said to contain remains of Dan Kelly
27 September 2001
Scientists have taken a DNA sample from a grave in
Toowoomba, west of Brisbane, believing it contains
the remains of Ned Kelly's brother, Dan. Archaeological
consultant Tim Anson, of Adelaide, took a sliver of
bone from the grave of Charles Devine Tindall, believed
by his family to have been Dan Kelly, one of the infamous
Kelly gang. Mr Tindall died in July 1953 but there
is no official record of his birth, his parents or
His grand-daughter, Maureen Tyler, said today the
family had long believed he was Dan Kelly, Ned's younger
brother, thought to have died during a dramatic police
siege at Victoria's Glenrowan Hotel in 1880. The hotel
was burnt to the ground during a gunbattle with police
which left Ned Kelly badly wounded. Ned was later tried
His brother Dan and Steve Hart, another member of
the legendary gang of bushrangers, supposedly died
in the fire but some believed they may have escaped.
Mrs Tyler said Charles Tindall had told his son, Stan,
he was Dan Kelly. "I was told by my father that
Pop escaped the fire and survived. He came up to Queensland," she
"We went researching and thought we'd better
disprove that Pop was Charles Devine Tindall for a
start ... so we went looking for records to find his
heritage. "It stopped right there. We could not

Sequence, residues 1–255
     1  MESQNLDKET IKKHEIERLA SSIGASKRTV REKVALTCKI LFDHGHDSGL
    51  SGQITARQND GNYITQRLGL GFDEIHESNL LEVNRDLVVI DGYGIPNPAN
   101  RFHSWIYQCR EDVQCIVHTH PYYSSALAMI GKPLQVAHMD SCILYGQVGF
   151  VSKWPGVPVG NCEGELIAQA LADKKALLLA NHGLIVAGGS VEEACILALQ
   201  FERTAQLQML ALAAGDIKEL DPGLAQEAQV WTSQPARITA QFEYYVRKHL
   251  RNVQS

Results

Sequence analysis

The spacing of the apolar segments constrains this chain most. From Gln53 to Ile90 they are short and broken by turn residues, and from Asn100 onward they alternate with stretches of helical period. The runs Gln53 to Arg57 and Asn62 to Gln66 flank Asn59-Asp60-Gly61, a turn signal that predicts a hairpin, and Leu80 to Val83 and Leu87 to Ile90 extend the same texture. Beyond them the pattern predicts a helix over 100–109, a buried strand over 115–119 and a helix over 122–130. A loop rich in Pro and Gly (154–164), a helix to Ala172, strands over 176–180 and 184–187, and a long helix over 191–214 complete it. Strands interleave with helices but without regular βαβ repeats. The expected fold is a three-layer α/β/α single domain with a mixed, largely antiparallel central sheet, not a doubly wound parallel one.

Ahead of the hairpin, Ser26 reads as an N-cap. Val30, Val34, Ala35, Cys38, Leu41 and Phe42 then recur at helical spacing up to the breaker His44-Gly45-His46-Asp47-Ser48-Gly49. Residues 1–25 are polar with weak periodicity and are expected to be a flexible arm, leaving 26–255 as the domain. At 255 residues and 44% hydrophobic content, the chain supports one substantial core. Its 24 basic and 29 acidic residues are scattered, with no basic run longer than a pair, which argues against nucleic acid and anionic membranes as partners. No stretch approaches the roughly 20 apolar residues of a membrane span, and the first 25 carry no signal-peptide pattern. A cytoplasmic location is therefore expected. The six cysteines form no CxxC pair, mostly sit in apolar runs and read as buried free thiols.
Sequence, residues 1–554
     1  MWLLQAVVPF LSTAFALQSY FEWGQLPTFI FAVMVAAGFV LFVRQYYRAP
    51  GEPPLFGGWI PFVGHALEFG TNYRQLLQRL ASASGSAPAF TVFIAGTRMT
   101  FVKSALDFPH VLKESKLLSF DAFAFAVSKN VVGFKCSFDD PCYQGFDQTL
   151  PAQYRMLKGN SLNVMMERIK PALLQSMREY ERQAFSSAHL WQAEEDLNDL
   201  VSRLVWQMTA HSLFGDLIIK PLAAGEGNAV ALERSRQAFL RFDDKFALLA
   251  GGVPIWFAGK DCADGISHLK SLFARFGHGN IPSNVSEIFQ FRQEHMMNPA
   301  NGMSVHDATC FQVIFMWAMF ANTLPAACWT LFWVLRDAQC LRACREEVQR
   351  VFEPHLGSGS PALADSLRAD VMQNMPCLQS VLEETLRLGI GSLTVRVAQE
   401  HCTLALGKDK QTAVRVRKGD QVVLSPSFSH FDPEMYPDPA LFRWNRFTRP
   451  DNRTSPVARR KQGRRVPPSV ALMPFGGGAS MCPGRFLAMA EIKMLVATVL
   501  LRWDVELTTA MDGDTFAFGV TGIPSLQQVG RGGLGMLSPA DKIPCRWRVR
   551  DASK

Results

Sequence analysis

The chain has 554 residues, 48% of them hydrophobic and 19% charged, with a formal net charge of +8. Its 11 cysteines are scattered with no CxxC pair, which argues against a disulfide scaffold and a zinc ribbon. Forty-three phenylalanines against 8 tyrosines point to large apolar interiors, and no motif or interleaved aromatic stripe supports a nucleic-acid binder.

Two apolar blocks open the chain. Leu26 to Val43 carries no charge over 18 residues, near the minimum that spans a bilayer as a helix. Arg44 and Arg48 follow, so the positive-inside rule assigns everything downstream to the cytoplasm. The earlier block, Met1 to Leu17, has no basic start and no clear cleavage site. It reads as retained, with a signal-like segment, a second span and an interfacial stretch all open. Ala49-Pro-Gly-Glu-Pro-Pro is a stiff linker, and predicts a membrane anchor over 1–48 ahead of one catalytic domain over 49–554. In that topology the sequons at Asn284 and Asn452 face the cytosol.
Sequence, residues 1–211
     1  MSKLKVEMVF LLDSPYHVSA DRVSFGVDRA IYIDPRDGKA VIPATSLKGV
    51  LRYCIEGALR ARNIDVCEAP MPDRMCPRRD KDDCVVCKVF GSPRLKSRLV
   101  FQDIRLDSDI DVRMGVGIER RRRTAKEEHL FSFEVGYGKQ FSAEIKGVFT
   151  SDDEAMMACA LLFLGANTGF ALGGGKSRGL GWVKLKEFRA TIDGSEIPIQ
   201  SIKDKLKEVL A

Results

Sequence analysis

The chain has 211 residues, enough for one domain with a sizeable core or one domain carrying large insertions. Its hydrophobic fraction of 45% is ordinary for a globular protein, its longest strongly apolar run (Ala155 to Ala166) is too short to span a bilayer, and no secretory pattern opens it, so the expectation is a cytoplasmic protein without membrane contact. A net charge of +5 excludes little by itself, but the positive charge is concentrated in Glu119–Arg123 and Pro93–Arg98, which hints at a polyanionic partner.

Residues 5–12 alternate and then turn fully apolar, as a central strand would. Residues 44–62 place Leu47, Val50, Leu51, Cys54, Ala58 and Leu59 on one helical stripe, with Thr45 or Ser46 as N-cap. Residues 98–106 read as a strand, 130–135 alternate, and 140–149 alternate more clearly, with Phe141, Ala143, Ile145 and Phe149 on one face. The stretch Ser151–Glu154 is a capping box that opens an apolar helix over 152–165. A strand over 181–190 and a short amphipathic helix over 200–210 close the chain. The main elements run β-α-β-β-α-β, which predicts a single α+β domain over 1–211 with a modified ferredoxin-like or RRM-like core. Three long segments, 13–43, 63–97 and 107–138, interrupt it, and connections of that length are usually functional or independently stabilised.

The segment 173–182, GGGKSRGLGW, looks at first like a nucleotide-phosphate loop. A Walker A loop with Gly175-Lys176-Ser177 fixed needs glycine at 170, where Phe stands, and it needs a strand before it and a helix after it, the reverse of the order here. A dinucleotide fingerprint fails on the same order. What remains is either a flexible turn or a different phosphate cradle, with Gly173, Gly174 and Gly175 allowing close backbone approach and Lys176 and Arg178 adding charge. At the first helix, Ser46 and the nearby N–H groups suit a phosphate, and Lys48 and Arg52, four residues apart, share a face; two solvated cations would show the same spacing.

find his birth, we could not find parents, siblings,
anything of him existing anywhere other than when he
married Gran. That was it."
Three different death certificates list his age as
99, 96 and 92 and Toowoomba Cemetery records indicate
he was 85 when he died.
"We really don't know what age he was," Mrs
Tyler told AAP.
She said her grandfather had told his son he hid underneath
the Glenrowan Hotel "in the ground" during
the siege and historians have since found a one-metre
square cellar, under the kitchen area, during a search
of the site. "He either had to have been Dan Kelly
and hid down there or he had to have been someone very
closely associated to know that there was a cellar
there," Mrs Tyler said.
She said her grandfather also had burn scars down
one side of his body, indicating he could have been
injured in the Glenrowan fire. The family believes
he changed his name and moved to Queensland where he
met and married a widow, Wilhelmina, who ran a dairy
farm at Oakey, near Toowoomba. They wed in 1923 and
had four children.
Mr Anson and Gary Dean, who runs a Ned Kelly Museum
in Glenrowan, travelled to Coonabarabran in NSW today
to take DNA from another grave, believed to contain
Mr Hart. Mrs Tyler said it may be several months before
the results were known.